World religions: forged in a fiery furnace

They lived in a foreign land and stubbornly refused any form of integration. Today they are acclaimed for this. With their stubbornness they have written a chapter of world history. This is the background to a recent midweek service based on a Bible study theme.

The temple was burning! The place where God manifested Himself was going up in flames. On 20 August 586 before Christ, the Babylonian king, Nebuchadnezzar II, had the city of Jerusalem looted and burned and laid siege to it. He had conquered Judah long before, but the population had been too defiant. Now the state was destroyed, and the chosen people were crushed.

The methods of power politics

The intellectual elites were deported to Babylon. This was a typical method used by the Chaldeans to ensure their domination over the conquered territories. For one, they had hostages and, secondly, in the case of uprisings there were no leaders to lead any possible revolts.

The exiles were rather well treated. They lived in settlements which they were even allowed to administer themselves. They had access to higher education and were given good positions as officials in the Neo-Babylonian empire.

The assumption behind this: once the elite of the country had assimilated the values of the rulers, they could be sent back home and entrusted with the administration of their homeland. After all, who back home would rise up against their own compatriots?

Assimilation is useless

The Babylonians had, however, made a serious mistake in applying these methods to the Jewish people: God’s people refused to allow themselves to be used. If necessary, the exiles were prepared to sacrifice their lives in order to preserve the religious core of their culture.

This is what the book of Daniel tells us: first, there is the story of Daniel himself, who continued to pray to God despite a royal ban and ended up in the lions’ den. Then there is also the story of Shadrach, Meshach, and Abednego, three friends who, having refused to worship the king’s statue, were thrown into the fiery furnace.

This was the Bible study topic in the latest midweek service. Its central message: God saves and blesses those who trust Him. In addition to the spiritual dimension, this event is also of universal historical significance. Without such men of the calibre of Daniel, Shadrach, Meshach, and Abednego, Judaism and Christianity would probably not exist in its present form, namely as a religion based on written scriptures.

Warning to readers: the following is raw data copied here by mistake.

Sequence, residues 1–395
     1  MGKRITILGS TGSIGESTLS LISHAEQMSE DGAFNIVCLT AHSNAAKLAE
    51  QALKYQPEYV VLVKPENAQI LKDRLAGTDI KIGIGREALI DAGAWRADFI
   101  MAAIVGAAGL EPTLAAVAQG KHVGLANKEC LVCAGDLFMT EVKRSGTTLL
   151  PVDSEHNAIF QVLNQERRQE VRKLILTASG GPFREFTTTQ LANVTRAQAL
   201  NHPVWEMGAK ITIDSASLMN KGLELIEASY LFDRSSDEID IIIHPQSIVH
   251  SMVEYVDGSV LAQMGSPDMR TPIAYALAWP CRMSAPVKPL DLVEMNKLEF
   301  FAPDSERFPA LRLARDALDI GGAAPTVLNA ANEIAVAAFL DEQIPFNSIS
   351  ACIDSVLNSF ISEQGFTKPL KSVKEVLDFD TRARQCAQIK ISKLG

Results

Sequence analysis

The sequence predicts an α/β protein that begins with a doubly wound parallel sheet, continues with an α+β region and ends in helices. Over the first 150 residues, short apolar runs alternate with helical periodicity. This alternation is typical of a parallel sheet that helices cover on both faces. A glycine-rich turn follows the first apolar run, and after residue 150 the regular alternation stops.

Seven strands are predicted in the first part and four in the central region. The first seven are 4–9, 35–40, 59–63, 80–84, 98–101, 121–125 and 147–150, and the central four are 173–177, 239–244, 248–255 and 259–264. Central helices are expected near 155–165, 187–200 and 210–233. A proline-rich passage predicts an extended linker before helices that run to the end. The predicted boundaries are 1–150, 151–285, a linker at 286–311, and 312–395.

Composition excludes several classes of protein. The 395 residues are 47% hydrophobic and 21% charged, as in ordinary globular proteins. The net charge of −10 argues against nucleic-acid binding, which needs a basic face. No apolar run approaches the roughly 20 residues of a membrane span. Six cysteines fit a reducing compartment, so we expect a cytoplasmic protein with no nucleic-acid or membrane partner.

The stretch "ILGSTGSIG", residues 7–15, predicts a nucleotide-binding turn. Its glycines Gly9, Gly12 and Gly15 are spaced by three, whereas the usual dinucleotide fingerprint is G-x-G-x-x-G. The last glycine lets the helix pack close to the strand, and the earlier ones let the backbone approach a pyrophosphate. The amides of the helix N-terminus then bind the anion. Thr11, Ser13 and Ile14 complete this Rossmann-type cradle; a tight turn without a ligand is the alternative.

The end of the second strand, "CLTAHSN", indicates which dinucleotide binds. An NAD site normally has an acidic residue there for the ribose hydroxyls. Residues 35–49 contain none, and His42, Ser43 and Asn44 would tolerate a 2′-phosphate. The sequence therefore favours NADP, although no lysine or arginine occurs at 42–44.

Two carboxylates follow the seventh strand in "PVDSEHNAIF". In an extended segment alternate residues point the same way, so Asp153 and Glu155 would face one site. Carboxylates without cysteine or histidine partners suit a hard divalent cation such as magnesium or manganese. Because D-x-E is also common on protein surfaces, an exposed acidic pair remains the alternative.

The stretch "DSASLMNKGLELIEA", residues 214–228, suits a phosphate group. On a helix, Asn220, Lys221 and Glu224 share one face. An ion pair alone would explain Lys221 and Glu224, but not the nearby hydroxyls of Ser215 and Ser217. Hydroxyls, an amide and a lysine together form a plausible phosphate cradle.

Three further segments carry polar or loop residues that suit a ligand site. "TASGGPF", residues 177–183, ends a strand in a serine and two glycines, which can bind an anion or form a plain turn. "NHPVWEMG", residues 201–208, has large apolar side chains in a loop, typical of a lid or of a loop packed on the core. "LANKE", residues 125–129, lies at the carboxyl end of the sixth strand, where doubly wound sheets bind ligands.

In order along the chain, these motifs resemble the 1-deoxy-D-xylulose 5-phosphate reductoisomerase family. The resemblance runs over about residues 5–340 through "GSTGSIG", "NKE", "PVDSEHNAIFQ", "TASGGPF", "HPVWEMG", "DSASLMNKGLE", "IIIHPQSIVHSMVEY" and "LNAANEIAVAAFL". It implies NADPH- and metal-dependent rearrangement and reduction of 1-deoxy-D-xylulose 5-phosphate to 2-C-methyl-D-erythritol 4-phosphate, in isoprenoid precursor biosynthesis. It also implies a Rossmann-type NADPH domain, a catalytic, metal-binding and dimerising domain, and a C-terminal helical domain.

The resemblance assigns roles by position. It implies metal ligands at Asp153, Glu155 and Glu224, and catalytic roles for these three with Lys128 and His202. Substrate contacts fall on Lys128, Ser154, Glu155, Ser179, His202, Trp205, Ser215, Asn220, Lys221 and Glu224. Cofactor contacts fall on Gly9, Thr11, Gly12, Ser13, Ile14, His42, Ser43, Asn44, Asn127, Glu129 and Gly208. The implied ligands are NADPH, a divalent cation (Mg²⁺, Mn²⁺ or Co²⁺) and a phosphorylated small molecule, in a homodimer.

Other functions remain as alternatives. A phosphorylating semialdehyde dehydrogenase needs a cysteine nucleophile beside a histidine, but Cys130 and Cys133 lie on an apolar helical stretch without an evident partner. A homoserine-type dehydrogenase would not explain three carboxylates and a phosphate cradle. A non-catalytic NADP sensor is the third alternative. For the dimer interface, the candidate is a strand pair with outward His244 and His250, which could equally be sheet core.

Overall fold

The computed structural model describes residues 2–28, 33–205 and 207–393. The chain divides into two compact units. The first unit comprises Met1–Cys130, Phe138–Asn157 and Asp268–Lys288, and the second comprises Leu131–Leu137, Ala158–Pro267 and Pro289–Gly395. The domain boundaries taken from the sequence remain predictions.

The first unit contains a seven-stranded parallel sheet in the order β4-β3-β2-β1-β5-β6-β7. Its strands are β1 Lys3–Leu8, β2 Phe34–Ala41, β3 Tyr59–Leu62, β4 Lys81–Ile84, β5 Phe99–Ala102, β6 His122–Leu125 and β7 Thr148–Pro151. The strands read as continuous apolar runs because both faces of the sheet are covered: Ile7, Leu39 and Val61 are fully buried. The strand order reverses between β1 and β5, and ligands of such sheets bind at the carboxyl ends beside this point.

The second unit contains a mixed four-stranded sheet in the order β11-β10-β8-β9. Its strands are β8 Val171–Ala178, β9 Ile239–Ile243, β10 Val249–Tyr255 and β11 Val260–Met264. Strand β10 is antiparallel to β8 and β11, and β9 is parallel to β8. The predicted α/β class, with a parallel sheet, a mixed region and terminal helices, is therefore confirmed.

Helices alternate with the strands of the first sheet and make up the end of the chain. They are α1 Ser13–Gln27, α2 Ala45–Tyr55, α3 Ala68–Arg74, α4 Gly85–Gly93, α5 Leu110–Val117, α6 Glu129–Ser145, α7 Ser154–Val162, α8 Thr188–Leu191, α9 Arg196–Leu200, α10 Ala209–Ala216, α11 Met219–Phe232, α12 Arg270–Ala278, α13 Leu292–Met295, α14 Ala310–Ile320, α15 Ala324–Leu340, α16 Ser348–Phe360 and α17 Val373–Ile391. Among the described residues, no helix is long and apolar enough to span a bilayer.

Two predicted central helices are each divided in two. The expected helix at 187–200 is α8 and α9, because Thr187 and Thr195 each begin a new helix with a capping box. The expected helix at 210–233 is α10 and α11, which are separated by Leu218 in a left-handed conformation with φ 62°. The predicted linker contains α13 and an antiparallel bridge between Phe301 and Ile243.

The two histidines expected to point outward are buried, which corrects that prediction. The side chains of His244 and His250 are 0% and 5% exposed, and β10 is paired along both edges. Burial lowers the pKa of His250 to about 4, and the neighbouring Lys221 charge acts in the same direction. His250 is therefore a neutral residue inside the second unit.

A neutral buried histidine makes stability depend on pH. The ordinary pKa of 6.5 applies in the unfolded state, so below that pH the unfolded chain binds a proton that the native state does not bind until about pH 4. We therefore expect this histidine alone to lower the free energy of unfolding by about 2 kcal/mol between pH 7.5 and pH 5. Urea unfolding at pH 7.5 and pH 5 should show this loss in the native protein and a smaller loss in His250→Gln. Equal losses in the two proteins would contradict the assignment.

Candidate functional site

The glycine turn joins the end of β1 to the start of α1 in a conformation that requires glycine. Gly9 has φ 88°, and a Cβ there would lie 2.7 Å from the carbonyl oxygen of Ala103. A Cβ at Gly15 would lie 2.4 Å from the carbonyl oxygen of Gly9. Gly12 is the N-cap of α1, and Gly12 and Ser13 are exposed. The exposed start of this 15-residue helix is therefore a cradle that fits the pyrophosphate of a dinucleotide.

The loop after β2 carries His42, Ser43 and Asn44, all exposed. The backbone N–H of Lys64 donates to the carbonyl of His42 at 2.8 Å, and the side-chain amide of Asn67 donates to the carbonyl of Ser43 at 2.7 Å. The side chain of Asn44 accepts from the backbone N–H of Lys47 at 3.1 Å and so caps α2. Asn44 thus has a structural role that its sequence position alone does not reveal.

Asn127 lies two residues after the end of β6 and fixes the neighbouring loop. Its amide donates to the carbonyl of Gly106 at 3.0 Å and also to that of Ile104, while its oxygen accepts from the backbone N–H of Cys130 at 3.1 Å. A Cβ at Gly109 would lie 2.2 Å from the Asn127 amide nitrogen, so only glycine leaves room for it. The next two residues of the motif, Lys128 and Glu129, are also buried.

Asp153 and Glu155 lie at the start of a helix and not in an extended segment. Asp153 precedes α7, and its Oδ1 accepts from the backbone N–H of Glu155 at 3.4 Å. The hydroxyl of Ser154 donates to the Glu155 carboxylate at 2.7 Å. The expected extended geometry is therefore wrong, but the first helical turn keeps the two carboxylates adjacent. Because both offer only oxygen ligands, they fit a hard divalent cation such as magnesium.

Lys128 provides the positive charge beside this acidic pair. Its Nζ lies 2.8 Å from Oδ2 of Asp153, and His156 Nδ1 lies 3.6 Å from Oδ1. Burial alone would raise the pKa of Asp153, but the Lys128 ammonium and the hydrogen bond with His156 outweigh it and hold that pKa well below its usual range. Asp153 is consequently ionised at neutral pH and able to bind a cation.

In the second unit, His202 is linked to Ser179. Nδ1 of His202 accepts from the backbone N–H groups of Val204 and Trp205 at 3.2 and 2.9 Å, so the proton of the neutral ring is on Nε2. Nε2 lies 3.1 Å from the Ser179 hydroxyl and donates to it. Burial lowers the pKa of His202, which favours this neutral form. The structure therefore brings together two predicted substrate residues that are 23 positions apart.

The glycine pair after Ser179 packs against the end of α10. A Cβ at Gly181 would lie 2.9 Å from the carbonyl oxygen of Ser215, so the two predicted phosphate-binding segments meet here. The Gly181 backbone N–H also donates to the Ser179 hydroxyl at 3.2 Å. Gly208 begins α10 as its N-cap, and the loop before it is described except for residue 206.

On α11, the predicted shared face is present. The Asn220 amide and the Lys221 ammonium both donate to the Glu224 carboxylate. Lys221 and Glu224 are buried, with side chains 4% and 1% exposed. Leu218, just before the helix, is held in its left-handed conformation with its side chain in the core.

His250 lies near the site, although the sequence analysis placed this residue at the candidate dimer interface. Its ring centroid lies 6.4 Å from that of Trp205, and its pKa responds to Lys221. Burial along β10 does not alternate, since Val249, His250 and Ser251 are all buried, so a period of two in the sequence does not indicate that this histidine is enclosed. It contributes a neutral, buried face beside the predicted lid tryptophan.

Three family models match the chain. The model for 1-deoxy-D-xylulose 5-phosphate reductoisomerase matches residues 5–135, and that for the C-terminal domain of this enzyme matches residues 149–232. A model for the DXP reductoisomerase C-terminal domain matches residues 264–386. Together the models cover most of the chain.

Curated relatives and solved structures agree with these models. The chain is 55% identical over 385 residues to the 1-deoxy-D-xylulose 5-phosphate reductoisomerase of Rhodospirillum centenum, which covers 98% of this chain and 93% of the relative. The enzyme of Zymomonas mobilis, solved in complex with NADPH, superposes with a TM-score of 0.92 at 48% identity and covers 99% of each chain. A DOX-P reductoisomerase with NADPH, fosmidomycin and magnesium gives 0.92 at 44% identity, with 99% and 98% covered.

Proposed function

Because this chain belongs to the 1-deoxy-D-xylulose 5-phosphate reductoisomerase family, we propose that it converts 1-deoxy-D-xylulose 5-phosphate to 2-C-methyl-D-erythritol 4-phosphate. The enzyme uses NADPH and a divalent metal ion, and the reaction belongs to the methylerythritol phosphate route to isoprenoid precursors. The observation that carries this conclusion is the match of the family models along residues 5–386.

Publish or perish

The Jewish exiles began to understand something very important at the Babylonian universities: they discovered the value and power of the written word. And they used their knowledge and skills to preserve their religious and cultural identity in this foreign land. And all the more so, when some, upon returning home, discovered that their own people had forgotten much of it.

Had the deportees already taken writings or records into exile with them? Or did they only begin to write down during their exile what had until then been passed on orally? Or did they only begin to write things down after their return home? Or had they already collected text fragments? In scientific circles there is a lively debate on all these questions.

The birth of the Bible

There is a consensus, however: the destruction of the first temple and the Babylonian exile was the decisive impetus for the emergence of the holy scriptures of Judaism and, consequently, the Old Testament of Christianity, as well as the transformation of Israel’s ritual observance of its beliefs into a religion based on written scriptures.

It took quite a while before this was the case, however. Jewish scholars only began to agree as to what belongs in their Book of Books in the first century AD. Not too long before that, the Romans had destroyed the third and so far last temple—because the people had been too rebellious. Sometimes history repeats itself …

Foto: Sergey Novinzon / fotolia

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